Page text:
TITLE

What's Up in the Budget?

AUTHOR(S)
Pincus, Walter
PUB. DATE
March 1973
SOURCE
New Republic;3/24/73, Vol. 168 Issue 12, p10
SOURCE TYPE
Periodical
DOC. TYPE
Article
ABSTRACT
Comments on the United States' defense budget under the administration of President Richard Nixon. Increase in defense procurement; Controversial navy projects that are getting a boost in the fiscal budget; Budget allocated for defense research and development; Appropriations for the Army; Defense spending, such as the purchase of the Sparrow; Army's request for funds for equipment to replace the materials turned over to South Vietnam; Budget message of Nixon.
ACCESSION #
10211725

 

Related Articles

  • Priority: Defense.  // Time;12/16/1957, Vol. 70 Issue 25, p17 

    The article reports that the U.S. Administration in 1957 has opted to give 40 billion dollars for the defense budget. It states that the budget for the country's defense rose by 2 billion dollars from its former 38 billion as the U.S. identified it as a top priority. U.S. Vice President Richard...

  • DEFENDING THE DEFENDERS.  // Time;6/13/1969, Vol. 93 Issue 24, p17 

    The article discusses the disappointment of U.S. President Richard M. Nixon over issues of overspending by top executives in the U.S. military. According to the president, the military programs are ridiculed as unnecessary, if not consider waste. Meanwhile, Senator James Pearson mentions his...

  • Until Next Time.  // Time;9/26/1969, Vol. 94 Issue 13, p21 

    The article focuses on the bill regarding appropriations for weapons and research under the administration of U.S. President Richard Nixon. It states that Senator Walter Mondale and his fellow critics were defeated on their attempt to oppose the bill. It says that the critics attempted to cut...

  • Congress Moves to Boost Military Spending.  // Defense Monitor;1999, Vol. 28 Issue 2, p1 

    Focuses on the increase in the United States Department of Defense's budget outlined in the conference report on the fiscal year 2000 budget resolution adopted by Congress. Plans in using the additional budget; Emergency funding of the department; Proposed spending for the purchase of weapons...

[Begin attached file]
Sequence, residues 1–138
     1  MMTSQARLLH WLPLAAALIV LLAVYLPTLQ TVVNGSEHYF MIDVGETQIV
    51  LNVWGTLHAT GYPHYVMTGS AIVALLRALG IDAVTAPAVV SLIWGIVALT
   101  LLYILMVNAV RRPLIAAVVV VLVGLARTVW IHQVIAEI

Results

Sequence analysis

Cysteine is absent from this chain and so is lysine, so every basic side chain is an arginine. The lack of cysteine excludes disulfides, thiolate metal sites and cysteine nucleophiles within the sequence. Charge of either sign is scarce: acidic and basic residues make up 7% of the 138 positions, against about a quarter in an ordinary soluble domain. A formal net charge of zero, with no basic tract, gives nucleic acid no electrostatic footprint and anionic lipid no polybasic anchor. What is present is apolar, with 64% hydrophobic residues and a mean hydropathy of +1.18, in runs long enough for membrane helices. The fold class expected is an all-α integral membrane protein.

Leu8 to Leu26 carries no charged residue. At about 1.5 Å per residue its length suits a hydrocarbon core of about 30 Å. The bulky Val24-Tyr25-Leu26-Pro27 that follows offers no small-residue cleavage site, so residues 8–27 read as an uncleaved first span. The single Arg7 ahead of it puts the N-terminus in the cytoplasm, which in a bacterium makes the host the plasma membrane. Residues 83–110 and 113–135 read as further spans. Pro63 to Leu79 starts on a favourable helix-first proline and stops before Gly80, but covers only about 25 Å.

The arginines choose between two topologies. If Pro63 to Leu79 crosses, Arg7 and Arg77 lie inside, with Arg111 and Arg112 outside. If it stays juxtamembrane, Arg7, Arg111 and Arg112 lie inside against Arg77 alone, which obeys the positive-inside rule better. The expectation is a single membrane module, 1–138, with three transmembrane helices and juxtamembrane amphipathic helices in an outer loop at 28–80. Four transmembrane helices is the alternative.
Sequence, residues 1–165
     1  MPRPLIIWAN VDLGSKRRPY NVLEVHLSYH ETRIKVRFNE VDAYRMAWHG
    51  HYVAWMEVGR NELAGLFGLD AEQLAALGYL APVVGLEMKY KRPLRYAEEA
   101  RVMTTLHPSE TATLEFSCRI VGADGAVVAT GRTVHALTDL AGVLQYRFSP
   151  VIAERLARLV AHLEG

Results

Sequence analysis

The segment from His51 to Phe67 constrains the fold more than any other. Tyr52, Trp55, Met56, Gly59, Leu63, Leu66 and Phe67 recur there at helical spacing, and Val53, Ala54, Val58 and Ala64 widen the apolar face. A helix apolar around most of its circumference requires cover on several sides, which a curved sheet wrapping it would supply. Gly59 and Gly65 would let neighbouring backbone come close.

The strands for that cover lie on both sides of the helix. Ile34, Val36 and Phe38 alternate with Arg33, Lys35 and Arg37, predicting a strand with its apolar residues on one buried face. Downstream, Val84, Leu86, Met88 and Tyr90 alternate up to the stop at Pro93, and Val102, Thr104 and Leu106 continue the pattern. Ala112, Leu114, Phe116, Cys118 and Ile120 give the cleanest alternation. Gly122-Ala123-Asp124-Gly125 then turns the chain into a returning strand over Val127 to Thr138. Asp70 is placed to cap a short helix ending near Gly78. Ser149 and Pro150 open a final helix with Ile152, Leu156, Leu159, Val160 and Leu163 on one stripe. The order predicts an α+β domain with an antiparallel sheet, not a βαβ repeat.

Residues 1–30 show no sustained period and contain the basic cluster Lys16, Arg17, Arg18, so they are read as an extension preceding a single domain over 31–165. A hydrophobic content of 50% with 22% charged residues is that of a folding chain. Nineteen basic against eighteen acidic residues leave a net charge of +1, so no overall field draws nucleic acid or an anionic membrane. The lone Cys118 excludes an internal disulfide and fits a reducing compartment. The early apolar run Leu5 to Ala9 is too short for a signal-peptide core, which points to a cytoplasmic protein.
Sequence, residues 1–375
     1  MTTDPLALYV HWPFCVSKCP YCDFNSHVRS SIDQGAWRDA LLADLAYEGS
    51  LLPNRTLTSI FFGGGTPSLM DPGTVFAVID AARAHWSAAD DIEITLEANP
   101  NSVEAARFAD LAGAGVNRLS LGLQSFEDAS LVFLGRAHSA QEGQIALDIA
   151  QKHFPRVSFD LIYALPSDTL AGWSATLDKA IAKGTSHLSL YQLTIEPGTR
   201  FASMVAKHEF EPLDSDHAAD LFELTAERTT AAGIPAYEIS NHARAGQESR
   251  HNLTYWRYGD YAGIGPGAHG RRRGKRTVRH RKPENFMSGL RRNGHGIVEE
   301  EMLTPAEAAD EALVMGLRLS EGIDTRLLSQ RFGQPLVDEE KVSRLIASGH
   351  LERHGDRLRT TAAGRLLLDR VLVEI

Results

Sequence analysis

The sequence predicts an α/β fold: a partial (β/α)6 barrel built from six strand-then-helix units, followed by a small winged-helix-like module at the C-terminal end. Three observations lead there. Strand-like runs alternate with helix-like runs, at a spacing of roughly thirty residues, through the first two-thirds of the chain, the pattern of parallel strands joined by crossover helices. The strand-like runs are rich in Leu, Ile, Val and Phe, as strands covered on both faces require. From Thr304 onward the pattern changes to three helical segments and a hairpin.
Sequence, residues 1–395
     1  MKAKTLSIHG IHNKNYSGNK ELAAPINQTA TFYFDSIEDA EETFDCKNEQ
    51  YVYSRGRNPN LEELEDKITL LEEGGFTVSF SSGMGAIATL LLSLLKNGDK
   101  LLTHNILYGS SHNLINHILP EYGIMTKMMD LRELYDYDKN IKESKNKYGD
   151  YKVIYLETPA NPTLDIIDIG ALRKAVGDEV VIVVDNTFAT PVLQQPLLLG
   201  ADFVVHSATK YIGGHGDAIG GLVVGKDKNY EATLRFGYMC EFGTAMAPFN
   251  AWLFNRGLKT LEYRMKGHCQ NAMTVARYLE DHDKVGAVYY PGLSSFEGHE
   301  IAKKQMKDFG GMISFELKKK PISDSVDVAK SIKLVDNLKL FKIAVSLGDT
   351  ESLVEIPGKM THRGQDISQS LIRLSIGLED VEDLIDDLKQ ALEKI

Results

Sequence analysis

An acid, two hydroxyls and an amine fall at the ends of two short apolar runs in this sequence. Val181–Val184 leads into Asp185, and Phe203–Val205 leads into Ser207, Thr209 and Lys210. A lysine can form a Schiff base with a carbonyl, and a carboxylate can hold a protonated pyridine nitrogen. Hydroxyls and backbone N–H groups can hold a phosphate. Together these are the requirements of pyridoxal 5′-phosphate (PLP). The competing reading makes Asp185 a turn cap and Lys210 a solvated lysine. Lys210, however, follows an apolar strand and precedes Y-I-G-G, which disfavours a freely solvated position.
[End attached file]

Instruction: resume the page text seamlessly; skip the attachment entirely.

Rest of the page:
• FY2000 DoD budget. Anderson, Steve; Becker, Fred // Officer;Apr99, Vol. 74 Issue 3, p14 

    Focuses on the proposed budget of the United States Department of Defense for fiscal year 2000. Views on the current budget debate; Budget percentages; Share of various military services; Other ideas on military funding; Funding requirements of Reserve forces; Importance of the National Guard &...

  • Don't Try This at Home: Crowdsourcing National Defense. Hodge, Hope // Human Events;7/23/2012, Vol. 68 Issue 27, p8 

    The article discusses a survey on defense spending which the Center for Public Consultation repackaged to show that American citizens favored substantial cuts to the U.S. Department of Defense (DoD) and that event those from military heavy areas often chose to cut deeply. It notes that 665...

  • Bush's Last Chance To Repair The Pentagon.  // Aviation Week & Space Technology;12/17/2007, Vol. 167 Issue 24, p62 

    This article laments the fiscal 2009 budget proposal for the U.S. Department of Defense, the last crafted by the Bush administration, will not address the needs of the Department of Defense. The budget is also the first in six years in which there is a realistic possibility that the costs of war...

  • National Defence Authorization Act for FY 2007 Passed in the House.  // Contract Management;Jul2006, Vol. 46 Issue 7, p60 

    The article reports that the National Defense Authorization Act (NDAA) for fiscal year 2007 was passed by the U.S. Congress on May 11, 2006. The NDAA authorizes appropriations for the Department of Defense (DOD) and also contains provisions that establish, continue or modify the DOD programs and...

  • Defense Budget: Need for Continued Visibility Over Use of Contingency Funds: GAO-01-829.  // GAO Reports;7/6/2001, p1 

    Since the end of the Persian Gulf War in February 1991, the Department of Defense (DOD) has reported over $25 billion in incremental costs for its overseas contingency operations. These operations include the enforcement of no-fly zones, humanitarian assistance, and peace enforcement operations....

Share

Read the Article

Courtesy of THE LIBRARY OF VIRGINIA

Sorry, but this item is not currently available from your library.

Try another library?
Sign out of this library

Other Topics